THE STUDY OF THE GOSPELS
If one thing more than another marks modern thought, it is a new insistence on fact. In every sphere of study there is a growing emphasis on verification. Where a generation ago a case seemed to be closed, to-day in the light of new facts it is reopened. Matters that to our grandfathers were trivialities, to be summarily dismissed, are seriously studied. Again and again we find the most fruitful avenues opened to us by questions that another age might have laughed out of a hearing; to-day they suggest investigation of facts insufficiently known, and of the difficult connexions between them. In psychology and in medicine the results of this new tendency are evident in all sorts of ways—new methods in the treatment of the sick, new inquiries as to the origin of diseases and the possibilities of their prevention, attempts to get at the relations between the soul and body, and a very new open-mindedness as to the spiritual nature and its working and experiences. In other fields of learning it is the same.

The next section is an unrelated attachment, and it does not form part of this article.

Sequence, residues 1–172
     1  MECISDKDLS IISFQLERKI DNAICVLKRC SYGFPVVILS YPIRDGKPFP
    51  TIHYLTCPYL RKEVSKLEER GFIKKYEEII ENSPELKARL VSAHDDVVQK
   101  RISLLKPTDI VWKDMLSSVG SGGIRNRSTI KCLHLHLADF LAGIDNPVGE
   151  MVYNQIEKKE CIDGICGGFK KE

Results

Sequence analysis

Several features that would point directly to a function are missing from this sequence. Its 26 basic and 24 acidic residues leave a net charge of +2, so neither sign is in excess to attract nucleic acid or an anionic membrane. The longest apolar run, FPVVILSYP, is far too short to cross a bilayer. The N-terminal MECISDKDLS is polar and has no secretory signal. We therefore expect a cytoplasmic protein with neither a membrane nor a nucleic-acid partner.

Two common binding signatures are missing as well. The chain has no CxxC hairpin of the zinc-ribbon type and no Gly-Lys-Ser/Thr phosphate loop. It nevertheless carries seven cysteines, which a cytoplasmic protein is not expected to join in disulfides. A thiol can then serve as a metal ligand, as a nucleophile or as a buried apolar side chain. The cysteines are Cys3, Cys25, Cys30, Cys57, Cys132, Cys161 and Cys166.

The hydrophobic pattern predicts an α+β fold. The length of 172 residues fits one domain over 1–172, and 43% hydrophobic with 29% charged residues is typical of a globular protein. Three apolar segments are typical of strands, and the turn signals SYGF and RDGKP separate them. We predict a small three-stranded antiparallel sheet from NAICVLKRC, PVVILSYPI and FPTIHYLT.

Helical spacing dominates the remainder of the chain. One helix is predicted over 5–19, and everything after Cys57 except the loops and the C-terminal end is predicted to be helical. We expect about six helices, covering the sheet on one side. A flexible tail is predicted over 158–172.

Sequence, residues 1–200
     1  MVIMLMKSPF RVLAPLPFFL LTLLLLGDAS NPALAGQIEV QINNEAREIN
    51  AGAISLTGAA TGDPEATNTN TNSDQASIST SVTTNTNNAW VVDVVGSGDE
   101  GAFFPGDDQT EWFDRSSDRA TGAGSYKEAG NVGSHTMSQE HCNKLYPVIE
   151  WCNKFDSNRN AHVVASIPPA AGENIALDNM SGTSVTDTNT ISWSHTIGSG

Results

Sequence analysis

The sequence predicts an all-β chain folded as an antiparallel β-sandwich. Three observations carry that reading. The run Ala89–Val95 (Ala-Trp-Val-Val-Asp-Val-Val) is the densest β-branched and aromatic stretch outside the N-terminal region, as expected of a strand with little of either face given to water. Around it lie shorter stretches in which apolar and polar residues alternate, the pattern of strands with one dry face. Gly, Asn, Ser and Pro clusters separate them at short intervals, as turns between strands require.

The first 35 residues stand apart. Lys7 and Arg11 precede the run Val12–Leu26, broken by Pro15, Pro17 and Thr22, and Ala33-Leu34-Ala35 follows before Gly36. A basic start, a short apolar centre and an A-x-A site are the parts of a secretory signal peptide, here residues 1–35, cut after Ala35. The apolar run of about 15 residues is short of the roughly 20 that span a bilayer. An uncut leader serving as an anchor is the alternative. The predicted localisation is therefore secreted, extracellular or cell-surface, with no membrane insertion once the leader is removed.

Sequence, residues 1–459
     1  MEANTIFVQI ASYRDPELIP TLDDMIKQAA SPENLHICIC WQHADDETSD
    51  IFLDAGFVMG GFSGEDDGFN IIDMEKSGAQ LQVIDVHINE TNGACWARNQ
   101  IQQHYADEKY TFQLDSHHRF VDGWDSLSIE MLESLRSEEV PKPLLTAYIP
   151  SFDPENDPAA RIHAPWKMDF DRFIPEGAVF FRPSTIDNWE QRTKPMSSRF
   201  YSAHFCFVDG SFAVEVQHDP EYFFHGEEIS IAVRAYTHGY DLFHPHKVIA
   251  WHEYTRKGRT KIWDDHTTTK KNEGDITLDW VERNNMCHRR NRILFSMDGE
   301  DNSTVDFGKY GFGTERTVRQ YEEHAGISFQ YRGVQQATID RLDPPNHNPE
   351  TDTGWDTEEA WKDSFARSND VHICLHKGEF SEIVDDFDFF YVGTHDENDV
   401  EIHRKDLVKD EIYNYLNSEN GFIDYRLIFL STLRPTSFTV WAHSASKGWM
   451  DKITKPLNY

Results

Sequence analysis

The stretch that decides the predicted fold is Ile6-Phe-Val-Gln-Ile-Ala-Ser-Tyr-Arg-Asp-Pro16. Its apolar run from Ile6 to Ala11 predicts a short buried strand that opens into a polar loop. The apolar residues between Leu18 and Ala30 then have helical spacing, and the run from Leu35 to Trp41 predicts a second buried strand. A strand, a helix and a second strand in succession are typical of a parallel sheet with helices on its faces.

To the modern student of man and his history the old easy way of excluding religion as an absurdity, the light prediction of its speedy, or at least its eventual, disappearance from the field of human life, and other dogmatisms of the like kind, are almost unintelligible. We realize that religion in some form is a natural working of the human spirit, and, whatever place we give to religion in the conduct of our own lives, as students of history we reckon with the religious instinct as a factor of the highest import, and we give to religious systems and organizations—above all, to religious teachers and leaders—a more sympathetic and a profounder study. Carlyle’s lecture on Muhammad, in his course on “Heroes and Hero Worship,” may be taken as a landmark for English people in this new treatment history.
The Christian Church, whether we like it or not, has been a force of unparalleled power in human affairs; and prophecies that it will no longer be so, and allegations that by now it has ceased to be so, are not much made by cautious thinkers. There is evidence that the influence of the Christian Church, so far from ebbing, is rising—evidence more obvious when we reflect that the influence of such a movement is not to be quickly guessed from the number of its actual adherents. A century and a quarter of Christian missions in India have resulted in so many converts—a million and a quarter is no slight outcome; but that is a small part of the story. All over India the old religious systems are being subjected to a new study by their own adherents; their weak points are being felt; there are reform movements, new apologetics, compromises, defences—all sorts of indications of ferment and transition. There can be little question that while many things go to the making of